regret of us all, too much of an invalid to venture here
Let me recall that Commencement, on the 27th of August,
1828, in a few words, that you may be able to contrast it with
the one we are enjoying at this moment. It comes back to me
as vividly as if it had occurred but yesterday. There was no
President of the University on that occasion. What should we
have done without our young and vigorous President to-day!
The revered and beloved Kirkland had resigned a few months
before, and Josiah Quincy of whom, I rejoice to say, we are
514 SEMI-CENTENNIAL OF THE CLASS OF 1828.
at last to have Story s charming statue to adorn these halls
had not yet been chosen to succeed him. The venerable Henry
Ware, the Hollis Professor of Divinity, sat in the antique
Holyoke chair, looking almost as old as the chair itself, and
with a shaking head and trembling hand delivered to us our
diplomas, which bore his signature as Vice-President of the
College. Around him were the veteran Professors, Hedge and
Popkin and FarraT and Channing and Willard and the rest, and
the old members of the Corporation, Dr. Porter and Judge Story
and Dr. Bowditch, with Levi Lincoln, as Governor of Massa
chusetts, and all the other notables of the Commonwealth and
the neighboring city.
But if we had no President of the University, we had a Presi
dent of the United States to grace our Commencement, our
own John Quincy Adams, then in the last year of his Presidential
term, though, as I rejoice to remember, with many grand years
of public service still opening before him. And with him on
The stage that day was the Hon. Andrew Stevenson, of Virginia,
then the Speaker of the House of Representatives of the United
States. These were the two most distinguished guests at our
Commencement, the two principal figures which filled my eye
then, and which fill my eye again to-day, as I turn it back upon
that well-remembered scene. How little could either of them
have dreamed that, before twenty years had passed away, a
certain young man, who shall be nameless, whom they then
heard speaking somewhat disparagingly of " Public Station,"
should be occupying the same high chair which one of them
then held, while the other, full of years and of honors, should
fall in addressing him, and die in his official chamber at the
Capitol ! !
That Commencement was a day of prolonged literary exer
cises, beginning at ten, and hardly ending before four o clock.
Here is the original printed order of performances, the same
which I held in my hand fifty years ago. There were no less
than thirty-two parts, only two of which were excused. We had
but nine speakers, in all, this morning. Good Dr. Pierce, so long
1 Winthrop s Addresses and Speeches, Vol. I. p. 614.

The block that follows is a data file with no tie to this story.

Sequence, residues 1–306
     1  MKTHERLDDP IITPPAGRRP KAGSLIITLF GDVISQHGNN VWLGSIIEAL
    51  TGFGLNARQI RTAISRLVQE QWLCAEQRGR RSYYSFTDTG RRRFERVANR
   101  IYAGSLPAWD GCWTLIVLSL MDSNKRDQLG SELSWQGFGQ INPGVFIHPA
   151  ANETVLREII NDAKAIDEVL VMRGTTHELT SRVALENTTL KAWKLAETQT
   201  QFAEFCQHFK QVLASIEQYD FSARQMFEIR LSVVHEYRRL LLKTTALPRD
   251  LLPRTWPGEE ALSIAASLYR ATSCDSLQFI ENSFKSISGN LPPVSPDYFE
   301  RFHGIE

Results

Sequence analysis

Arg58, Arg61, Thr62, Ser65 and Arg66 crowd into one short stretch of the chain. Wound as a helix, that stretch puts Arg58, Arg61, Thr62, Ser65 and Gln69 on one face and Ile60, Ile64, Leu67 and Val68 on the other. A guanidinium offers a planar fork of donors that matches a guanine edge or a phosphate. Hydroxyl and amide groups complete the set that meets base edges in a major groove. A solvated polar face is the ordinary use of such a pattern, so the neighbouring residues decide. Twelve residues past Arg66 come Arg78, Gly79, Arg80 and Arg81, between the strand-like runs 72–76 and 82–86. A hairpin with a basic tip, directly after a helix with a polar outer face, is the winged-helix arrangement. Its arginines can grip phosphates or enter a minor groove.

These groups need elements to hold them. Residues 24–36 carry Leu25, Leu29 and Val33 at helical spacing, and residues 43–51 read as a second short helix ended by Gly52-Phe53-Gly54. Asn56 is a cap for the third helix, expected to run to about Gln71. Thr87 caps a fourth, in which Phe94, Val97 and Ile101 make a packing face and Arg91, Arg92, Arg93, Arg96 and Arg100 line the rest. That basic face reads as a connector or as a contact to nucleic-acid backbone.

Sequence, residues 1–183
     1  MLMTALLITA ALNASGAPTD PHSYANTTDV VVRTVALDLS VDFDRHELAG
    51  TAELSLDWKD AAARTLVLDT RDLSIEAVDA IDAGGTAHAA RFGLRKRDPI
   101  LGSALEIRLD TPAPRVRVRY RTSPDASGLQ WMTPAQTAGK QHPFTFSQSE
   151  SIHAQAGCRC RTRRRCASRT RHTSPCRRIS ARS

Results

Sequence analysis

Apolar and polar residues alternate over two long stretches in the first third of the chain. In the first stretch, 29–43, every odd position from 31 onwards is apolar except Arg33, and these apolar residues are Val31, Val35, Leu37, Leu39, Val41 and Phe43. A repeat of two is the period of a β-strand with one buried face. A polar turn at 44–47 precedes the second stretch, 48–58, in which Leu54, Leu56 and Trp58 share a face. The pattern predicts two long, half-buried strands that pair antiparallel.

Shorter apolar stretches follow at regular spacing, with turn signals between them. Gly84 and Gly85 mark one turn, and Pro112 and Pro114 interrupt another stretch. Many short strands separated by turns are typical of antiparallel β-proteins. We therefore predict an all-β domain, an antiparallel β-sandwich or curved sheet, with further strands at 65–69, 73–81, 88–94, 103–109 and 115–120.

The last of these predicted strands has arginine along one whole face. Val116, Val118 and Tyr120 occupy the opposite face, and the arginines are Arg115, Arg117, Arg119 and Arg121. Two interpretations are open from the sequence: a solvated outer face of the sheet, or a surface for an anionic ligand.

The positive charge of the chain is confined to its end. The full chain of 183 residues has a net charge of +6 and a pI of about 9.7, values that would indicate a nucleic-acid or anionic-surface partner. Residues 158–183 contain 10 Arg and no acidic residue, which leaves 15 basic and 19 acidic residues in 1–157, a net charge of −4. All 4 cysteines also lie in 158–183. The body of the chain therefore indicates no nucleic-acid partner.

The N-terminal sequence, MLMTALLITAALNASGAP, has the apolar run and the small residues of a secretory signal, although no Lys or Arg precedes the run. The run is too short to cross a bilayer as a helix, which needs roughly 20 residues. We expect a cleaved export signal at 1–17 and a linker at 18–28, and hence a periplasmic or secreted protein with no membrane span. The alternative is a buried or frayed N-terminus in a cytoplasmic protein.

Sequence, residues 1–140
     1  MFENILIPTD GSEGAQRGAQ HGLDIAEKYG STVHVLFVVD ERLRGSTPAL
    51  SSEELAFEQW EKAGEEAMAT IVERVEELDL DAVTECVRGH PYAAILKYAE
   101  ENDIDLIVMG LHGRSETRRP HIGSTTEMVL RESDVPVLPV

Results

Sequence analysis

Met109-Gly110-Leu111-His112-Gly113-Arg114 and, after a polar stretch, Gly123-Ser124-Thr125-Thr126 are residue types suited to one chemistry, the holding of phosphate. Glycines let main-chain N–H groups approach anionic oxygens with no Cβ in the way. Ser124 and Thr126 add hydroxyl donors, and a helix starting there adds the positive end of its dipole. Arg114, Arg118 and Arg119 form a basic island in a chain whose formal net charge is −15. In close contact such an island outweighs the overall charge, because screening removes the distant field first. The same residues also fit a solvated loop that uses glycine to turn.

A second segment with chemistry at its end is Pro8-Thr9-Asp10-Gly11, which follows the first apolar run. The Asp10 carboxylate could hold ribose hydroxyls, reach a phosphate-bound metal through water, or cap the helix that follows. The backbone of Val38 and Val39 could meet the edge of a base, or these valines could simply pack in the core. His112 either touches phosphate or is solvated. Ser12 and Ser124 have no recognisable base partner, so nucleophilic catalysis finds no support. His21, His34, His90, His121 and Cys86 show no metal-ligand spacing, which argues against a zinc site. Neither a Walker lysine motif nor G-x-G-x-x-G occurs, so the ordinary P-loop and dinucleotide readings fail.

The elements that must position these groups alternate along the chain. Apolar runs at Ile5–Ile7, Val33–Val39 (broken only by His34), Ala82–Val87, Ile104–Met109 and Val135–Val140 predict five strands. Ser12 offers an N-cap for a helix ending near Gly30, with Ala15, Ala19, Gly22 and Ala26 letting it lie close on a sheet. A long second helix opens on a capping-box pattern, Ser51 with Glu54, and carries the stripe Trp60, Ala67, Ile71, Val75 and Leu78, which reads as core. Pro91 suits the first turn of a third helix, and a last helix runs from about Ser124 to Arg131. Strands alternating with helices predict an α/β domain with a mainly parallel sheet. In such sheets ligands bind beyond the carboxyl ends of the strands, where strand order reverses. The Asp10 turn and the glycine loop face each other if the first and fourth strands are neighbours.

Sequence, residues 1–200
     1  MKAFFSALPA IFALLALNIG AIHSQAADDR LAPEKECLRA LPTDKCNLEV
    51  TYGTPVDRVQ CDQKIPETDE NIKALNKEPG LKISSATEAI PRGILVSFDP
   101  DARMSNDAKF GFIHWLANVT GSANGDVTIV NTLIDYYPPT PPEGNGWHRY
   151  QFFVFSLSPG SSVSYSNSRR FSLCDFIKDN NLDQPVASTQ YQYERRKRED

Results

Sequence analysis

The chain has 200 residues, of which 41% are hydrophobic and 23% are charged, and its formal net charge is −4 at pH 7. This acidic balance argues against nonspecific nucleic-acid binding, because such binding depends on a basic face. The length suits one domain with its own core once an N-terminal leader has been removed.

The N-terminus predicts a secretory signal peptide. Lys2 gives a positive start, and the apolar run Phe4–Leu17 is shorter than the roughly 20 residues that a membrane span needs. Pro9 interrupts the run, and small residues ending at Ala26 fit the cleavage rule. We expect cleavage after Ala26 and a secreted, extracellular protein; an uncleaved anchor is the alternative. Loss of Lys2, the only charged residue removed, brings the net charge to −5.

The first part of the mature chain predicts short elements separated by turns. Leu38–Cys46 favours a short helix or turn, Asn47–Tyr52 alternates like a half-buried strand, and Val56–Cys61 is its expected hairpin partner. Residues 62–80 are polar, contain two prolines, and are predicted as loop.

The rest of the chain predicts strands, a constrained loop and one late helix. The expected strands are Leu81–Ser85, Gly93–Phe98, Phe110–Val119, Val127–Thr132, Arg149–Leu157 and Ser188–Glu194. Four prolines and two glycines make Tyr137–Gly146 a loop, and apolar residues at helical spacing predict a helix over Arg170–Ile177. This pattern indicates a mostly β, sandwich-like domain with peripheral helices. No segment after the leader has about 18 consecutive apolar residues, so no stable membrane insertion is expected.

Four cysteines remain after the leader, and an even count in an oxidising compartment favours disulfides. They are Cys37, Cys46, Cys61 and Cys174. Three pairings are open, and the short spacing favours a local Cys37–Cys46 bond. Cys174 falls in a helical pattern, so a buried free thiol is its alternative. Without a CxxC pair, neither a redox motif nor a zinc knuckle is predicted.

SEMI-CENTENNIAL OF THE CLASS OF 1828. 515
the secretary of the Overseers, and the liner of the psalm at the
dinner table, was at his post, with his note-book and pencil, to
jot down, according to his wont, the precise number of minutes
taken by each performer, and to record them all in his diary.
And I remember, with compunction and remorse, his telling me
at the time that I had delivered the longest oration of which he
had kept the reckoning, on that or any other Commencement
Day ! It might well become me to make all the amends in my
power by being brief, or even by saying nothing, on this occa
sion. The truth was, that I had been a little nettled at being
allowed only twelve minutes, while others were allowed fifteen;
and I here make humble confession that I wilfully disregarded
all limit, in defiance of the Faculty, and occupied more than
half an hour. "What was my astonishment, many years ago, at
finding this juvenile performance, with one other of the orations
of my class, printed in a volume among the selected models of
academic exercises ! 1
Pardon me, I pray you, Mr. President and Fellow Students,
for these personal allusions. It is the special privilege of us
fifty-years men to indulge to-day in reminiscence arid retro
spect ; and even egotisms like these may not be wholly unpala
table or unpardonable. Let me hasten towards a conclusion by
saying that our class has better things to boast of than any
thing of my own. We may not claim to have been one of the
great classes, like that of 1802, or that of 1811, or that of 1817,
or that of 1829. Early deaths took away from us not a few of
our most promising scholars. And then we had no poet, like
the class which succeeded us ; no Oliver I had almost said
Goldsmith, but you all know whom I mean to sing to us, and
sing of us, at our occasional meetings. Carent vate sacro must
be accepted as our legend ; and, if not unwept and unhonored,
we mast be content to pass away unsung. Our " Morituri
Salutamus" unlike that exquisite farewell at Bowdoin three
years ago, has already been uttered in stern prose. We had no
Holmes or Longfellow in our ranks, to give expression to our
1 Parker s " Aids to English Composition," p. 354.
516 SEMI-CENTENNIAL OF THE CLASS OF 1828.
Yet I may not forget that we have given a Hillard to litera
ture, a Bowditch to medicine, a Barnard to philanthropy, a
Gilchrist to the chief-justiceship of New Hampshire, a Babbidge
to be the first volunteer chaplain of the first volunteer regi
ment, and a Major-General James S. Wads worth to be one of
the last and most lamented victims of our late war for the
Union. If any public offices or honors have attached them
selves to any other names on our roll, they may all be thrown
into the scale for whatever they are worth, to swell the aggre
gate claims of the class of 1828 to the kind consideration and
remembrance of those who may take an interest in its record,
now or hereafter.
Let me not, however, wholly omit one other name. While,
as a class, we have only contributed our little accumulation of
twelve or fifteen hundred dollars to the grand fund of the
Alumni, it is not to be forgotten that a contingent bequest,
which has since been realized, and which has added a round
sum of fifty thousand dollars to the much needed resources of